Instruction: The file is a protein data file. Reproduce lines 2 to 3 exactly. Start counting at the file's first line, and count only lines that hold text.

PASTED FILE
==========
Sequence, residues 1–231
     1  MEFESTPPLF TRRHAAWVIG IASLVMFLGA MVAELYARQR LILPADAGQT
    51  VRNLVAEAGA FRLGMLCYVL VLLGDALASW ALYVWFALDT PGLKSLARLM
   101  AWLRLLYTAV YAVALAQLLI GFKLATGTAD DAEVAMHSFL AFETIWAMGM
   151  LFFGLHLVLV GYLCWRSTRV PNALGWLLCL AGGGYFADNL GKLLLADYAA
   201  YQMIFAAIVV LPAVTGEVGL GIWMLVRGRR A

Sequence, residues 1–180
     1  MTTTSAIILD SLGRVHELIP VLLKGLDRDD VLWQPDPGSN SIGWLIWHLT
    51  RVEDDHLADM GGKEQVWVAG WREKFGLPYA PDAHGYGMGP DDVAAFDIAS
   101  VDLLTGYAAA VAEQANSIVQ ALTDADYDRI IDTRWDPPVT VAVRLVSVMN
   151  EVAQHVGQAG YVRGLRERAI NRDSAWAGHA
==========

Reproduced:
     1  MEFESTPPLF TRRHAAWVIG IASLVMFLGA MVAELYARQR LILPADAGQT
    51  VRNLVAEAGA FRLGMLCYVL VLLGDALASW ALYVWFALDT PGLKSLARLM